Jerry Remy, a beloved former player and longtime broadcaster for the Boston Red Sox, has died at age 68.
Remy died Saturday, the Boston Globe reported, following a battle with lung cancer that forced him to take a leave of absence from the broadcast booth in early August.
The Massachusetts-born Remy played seven of his 10 MLB seasons with the Red Sox, joining the team in 1978 after spending his first three years with the California Angels.
The speedy second baseman was named to his lone All-Star team during his first season in Boston, batting .278 with 30 stolen bases and 44 RBI that year. The lefty-swinging Remy hit .275 and stole 208 bases over the course of his career to go along with seven home runs and 329 RBI.
Frequently hampered by knee ailments, Remy played his final MLB game in 1984, and became a Red Sox commentator in 1988.
Remy was adored by multiple generations of Red Sox fans as a broadcaster, known for his baseball acumen and Boston accent throughout his decades in the New England Sports Network booth.
With NESN, Remy notably worked alongside play-by-play announcer Don Orsillo from 2001 to 2015. Dave O’Brien took over the play-by-play duties for the network in 2016, with Remy continuing as a color commentator.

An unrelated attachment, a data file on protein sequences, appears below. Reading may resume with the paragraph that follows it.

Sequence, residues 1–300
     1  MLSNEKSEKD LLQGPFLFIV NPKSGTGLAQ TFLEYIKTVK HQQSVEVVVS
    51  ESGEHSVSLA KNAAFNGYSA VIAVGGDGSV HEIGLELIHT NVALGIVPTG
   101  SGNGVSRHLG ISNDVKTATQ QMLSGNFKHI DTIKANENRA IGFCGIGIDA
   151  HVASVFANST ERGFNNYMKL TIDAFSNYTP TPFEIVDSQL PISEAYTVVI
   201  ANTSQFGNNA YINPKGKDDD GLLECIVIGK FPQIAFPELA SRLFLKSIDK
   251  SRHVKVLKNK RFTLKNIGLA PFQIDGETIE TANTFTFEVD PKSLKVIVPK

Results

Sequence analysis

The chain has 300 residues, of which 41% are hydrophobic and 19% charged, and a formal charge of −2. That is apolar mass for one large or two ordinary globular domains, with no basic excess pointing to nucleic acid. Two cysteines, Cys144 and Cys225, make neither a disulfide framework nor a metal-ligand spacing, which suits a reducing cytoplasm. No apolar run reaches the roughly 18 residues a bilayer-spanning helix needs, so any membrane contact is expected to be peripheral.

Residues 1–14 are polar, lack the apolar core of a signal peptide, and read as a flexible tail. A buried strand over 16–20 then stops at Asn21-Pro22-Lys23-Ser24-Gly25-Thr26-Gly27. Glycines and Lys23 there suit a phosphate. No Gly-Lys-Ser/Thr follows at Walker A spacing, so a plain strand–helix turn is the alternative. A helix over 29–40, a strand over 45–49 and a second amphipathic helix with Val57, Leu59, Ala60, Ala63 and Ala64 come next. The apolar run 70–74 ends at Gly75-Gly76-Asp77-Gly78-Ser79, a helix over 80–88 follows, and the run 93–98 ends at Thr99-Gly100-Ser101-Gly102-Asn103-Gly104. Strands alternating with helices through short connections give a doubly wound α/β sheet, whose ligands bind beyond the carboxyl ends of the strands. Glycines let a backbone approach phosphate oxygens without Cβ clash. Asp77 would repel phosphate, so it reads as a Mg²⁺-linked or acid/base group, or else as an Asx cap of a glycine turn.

Remy was first diagnosed with cancer in 2008 and received treatment for the illness seven different times, according to the Boston Globe.
“Look, I’ve been through a lot for a long period of time, but you know, life goes on,” Remy said in 2017, according to the newspaper. “I’ve got baseball to keep me occupied. It keeps my mind occupied. I’m strong. I feel strong and I don’t feel there’s anything that can stop me.”
Weeks before his death, Remy threw out the ceremonial first pitch ahead of the 2021 American League Wild Card Game between the Yankees and the Red Sox at Fenway Park in Boston on Oct. 5.
The Red Sox inducted Remy into the team’s Hall of Fame in 2006.
Peter Sblendorio, New York Daily News